Emerging from the warehouse we blink into the late-afternoon sun. Just 10 kilometers from the center of town, it feels like deep countryside. To my left, Grande Champagne vineyards fade off gracefully into the horizon. To my right is the 18th-century Chateau de Bonbonnet, once owned by the Martell family; about 20 years ago, Gabriel purchased it and turned it into his home as well as Cognac Ferrand’s state-of-the-art blending facility. In addition to the old-school Cognac, Gabriel has a few newer ideas percolating too. For example, a line of rum finished in former Cognac casks. When bottled, each will be laced with complex Cognac flavor, extracted from its time in the previously used barrels.
Also, he has rolled out a couple of new (but historically accurate) products with mixologists in mind. Advised by cocktail historian David Wondrich, Gabriel now offers Pierre Ferrand 1840, a highly concentrated (90 proof) VS Cognac intended for cocktail use, closely modeled on an extremely rare and well-preserved bottle of Pinet-Castillon Cognac from 1840. (Gabriel has an extraordinary collection of old Cognac bottles in his madscientist laboratory inside the Chateau de Bonbonnet.) Also in conjunction with Wondrich, Ferrand is launching a Dry Curacao—a drier, bitter version of the orange liqueur made in the 1800s. He provides me with a sample: It’s immediately evident that it’s blended with Cognac as the bitter-orange flavor melds with vanilla. I tucked my Curacao sample away. I couldn’t wait to take it home and mix it into a Sidecar cocktail—perhaps one made with the oldest Cognac I’d scored during my visit. It seemed like the only fitting way to toast to Cognac’s past and future.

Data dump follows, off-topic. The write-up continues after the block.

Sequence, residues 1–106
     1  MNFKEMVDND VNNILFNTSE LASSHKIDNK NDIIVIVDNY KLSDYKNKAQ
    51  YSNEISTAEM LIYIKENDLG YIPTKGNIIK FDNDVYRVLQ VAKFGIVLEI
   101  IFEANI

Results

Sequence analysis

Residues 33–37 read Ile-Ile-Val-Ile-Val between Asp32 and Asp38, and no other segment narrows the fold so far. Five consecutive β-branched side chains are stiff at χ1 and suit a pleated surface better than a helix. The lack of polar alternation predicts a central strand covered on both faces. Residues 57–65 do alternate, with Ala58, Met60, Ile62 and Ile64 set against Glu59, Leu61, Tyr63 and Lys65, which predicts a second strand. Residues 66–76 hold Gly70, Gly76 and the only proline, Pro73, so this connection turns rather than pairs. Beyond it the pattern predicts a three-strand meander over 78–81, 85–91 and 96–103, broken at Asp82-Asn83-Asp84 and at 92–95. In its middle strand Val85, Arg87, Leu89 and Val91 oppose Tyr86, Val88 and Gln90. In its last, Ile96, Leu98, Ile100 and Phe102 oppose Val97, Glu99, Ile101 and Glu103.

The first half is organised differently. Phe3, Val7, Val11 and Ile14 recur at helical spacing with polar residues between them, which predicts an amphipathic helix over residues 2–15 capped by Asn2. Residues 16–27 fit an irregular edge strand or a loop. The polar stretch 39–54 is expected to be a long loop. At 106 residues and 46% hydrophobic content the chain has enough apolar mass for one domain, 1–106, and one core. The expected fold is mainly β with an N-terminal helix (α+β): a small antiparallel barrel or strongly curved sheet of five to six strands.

‘Cognac is a coquette. She has no age’
Buy a bottle of scotch and there’s no question about the age of the liquid inside. It’s proudly declared on the label: 12 years old, 20 years old, etc. But with Cognac, the lines are blurred. It’s typical for Cognac houses to blend together eau de vie of various vintages. Age ranges can vary widely—a blend of 5-yearold to 50-year-old spirits is a real possibility. The lower end of the age range is indicated in an alphabet stew of classifications. VS (Very Special) means the youngest eau de vie in the blend is no less than two years old; VSOP (Very Old Superior Pale) means the youngest is at least four years old. XO (Extra Old) puts the youngest eau de vie at at least six years old. Most of the Cognac sold in the United States is either VS or VSOP. A final word, this point about the amorphous age of Cognac was driven home for me by a monologue from a Remy-Martin tour guide. Roughly 60-something, chic, willow-thin, with cropped blonde hair and a long, embroidered jacket, she was the embodiment of The Real Housewives of Cognac. “Cognac is a coquette,” she cooed. “Cognac is feminine in that it doesn’t give its age directly. ‘Hello, I’m VSOP.’” And although no one asked, she continued, “How old am I? Like Cognac, I have no age.”